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Supress Remote Shutdown Message

kcnychief

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Political User
#1
I'm trying to write a script that will run from a workstation, to shutdown a server remotely. It seems to not be working because there is a dialog that is waiting for an OK before proceeding. Here is the syntax:

shutdown -s -m \\server01

Here is the message waiting on the server (see attached)

How can I force this to occur without the dialog? I looked at the command line args and nothing is obvious?
 

Attachments

Shamus MacNoob

Moderator
Political User
#3
C:\Users\Don Carnage>shutdown /?
Usage: shutdown [/i | /l | /s | /r | /g | /a | /p | /h | /e] [/f]
[/m \\computer][/t xxx][/d [p|u:]xx:yy [/c "comment"]]
No args Display help. This is the same as typing /?.
/? Display help. This is the same as not typing any options.
/i Display the graphical user interface (GUI).
This must be the first option.
/l Log off. This cannot be used with /m or /d options.
/s Shutdown the computer.
/r Shutdown and restart the computer.
/g Shutdown and restart the computer. After the system is
rebooted, restart any registered applications.
/a Abort a system shutdown.
This can only be used during the time-out period.
/p Turn off the local computer with no time-out or warning.
Can be used with /d and /f options.
/h Hibernate the local computer.
Can be used with the /f option.
/e Document the reason for an unexpected shutdown of a computer.
/m \\computer Specify the target computer.
/t xxx Set the time-out period before shutdown to xxx seconds.
The valid range is 0-600, with a default of 30.
Using /t xxx implies the /f option.
/c "comment" Comment on the reason for the restart or shutdown.
Maximum of 512 characters allowed.
/f Force running applications to close without forewarning users.
/f is automatically set when used in conjunction with /t xxx.
/d [p|u:]xx:yy Provide the reason for the restart or shutdown.
p indicates that the restart or shutdown is planned.
u indicates that the reason is user defined.
if neither p nor u is specified the restart or shutdown is unpl
anned.
xx is the major reason number (positive integer less than 256).
yy is the minor reason number (positive integer less than 65536).


Seems obvious that the /P is leaning towards what your looking for
 

kcnychief

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Political User
#4
I thought that, but that says local PC.

I am running this from another computer, so I have to use the /m switch which handles remote PCs and interpreted the /p as only working locally?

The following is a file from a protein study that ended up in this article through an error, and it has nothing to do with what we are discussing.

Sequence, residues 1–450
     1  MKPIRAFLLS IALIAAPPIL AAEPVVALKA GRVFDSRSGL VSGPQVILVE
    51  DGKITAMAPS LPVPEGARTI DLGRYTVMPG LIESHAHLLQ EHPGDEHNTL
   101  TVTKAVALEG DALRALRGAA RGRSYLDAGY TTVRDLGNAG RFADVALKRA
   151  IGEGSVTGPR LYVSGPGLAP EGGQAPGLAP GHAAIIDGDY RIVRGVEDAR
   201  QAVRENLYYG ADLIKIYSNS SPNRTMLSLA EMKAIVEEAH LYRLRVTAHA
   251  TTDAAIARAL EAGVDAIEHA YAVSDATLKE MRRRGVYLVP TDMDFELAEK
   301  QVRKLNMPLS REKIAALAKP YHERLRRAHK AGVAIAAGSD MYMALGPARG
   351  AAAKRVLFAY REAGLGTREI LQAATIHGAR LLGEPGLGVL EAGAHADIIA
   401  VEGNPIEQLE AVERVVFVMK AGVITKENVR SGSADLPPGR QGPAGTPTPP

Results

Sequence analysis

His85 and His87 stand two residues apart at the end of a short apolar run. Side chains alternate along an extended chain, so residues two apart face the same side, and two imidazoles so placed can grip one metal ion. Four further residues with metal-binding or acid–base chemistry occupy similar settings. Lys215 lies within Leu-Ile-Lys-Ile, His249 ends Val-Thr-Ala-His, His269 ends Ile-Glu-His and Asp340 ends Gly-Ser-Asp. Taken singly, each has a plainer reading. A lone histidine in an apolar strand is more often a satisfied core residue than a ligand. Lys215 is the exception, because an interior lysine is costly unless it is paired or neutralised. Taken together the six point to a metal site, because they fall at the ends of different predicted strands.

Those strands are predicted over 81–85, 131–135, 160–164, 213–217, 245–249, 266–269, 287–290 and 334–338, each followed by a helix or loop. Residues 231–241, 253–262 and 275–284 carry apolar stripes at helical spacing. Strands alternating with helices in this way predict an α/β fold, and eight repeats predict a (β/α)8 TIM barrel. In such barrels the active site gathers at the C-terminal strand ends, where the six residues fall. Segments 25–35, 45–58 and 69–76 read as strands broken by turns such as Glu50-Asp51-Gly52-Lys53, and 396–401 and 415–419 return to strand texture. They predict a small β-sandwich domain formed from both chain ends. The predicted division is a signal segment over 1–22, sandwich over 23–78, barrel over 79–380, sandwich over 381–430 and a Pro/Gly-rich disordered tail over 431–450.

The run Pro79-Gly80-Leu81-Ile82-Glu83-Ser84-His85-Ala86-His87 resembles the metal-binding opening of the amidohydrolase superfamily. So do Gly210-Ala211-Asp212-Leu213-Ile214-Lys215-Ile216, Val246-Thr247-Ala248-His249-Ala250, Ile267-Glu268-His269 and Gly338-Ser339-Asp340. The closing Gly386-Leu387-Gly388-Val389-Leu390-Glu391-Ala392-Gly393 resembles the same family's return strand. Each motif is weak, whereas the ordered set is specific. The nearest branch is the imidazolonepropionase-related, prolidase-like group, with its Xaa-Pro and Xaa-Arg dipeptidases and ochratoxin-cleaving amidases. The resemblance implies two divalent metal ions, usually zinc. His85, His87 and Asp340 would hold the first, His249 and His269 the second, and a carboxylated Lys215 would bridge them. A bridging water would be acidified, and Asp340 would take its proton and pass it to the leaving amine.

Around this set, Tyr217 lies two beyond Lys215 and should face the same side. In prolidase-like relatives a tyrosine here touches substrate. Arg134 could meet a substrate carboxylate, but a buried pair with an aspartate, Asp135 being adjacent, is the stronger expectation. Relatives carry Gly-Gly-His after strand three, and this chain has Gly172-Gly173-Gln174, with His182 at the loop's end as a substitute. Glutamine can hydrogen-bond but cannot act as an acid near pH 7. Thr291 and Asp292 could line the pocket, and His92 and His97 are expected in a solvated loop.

I'll give it a whirl, but not sure that would do what I'm looking for. Also hard to test without a timeout, I would like to have at least a few seconds so I can abort during my testing.
 

Dark Atheist

Moderator
Staff member
Political User
#6
I thought that, but that says local PC.

I am running this from another computer, so I have to use the /m switch which handles remote PCs and interpreted the /p as only working locally?

I'll give it a whirl, but not sure that would do what I'm looking for. Also hard to test without a timeout, I would like to have at least a few seconds so I can abort during my testing.
/t xxx Set the time-out period before shutdown to xxx seconds.
The valid range is 0-600, with a default of 30.
Using /t xxx implies the /f option.

/f Force running applications to close without forewarning users.

:)
 

kcnychief

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Political User
#7
I know about the /t, but the default without using the /t is 30 seconds which I'm fine with.

I did try with the /f option but it still presents the message I have to click OK on.

I'll give the /p a try later on tonight or this weekend and see if that does the trick.
 

kcnychief

█▄█ ▀█▄ █
Political User
#8
OK, well the /p does not work on its own, I need to use the /d switch a long with it.

Traveling to the site tomorrow as the /p doesn't provide a warning and I want to be able to abort or manually turn the system back on. It looks as if the combination of those will do the trick since the /d gives me the ability to provide a reason.

Stay tuned!
 

Electronic Punk

willalwaysbewithyou
Staff member
Political User
#9
/t 1 and they won't know what hit em :)

There is a great tool called poweroff as well which will let you do it with a gui and then show you what the command would have been.
 

kcnychief

█▄█ ▀█▄ █
Political User
#11
****er! This still won't work, even tried disabling the logging of shutdown reasons.

Am going to just schedule the task for it to shut down, but that's lame!

I did look at poweroff, but can't get it to show the command I would need? Rubbish!
 

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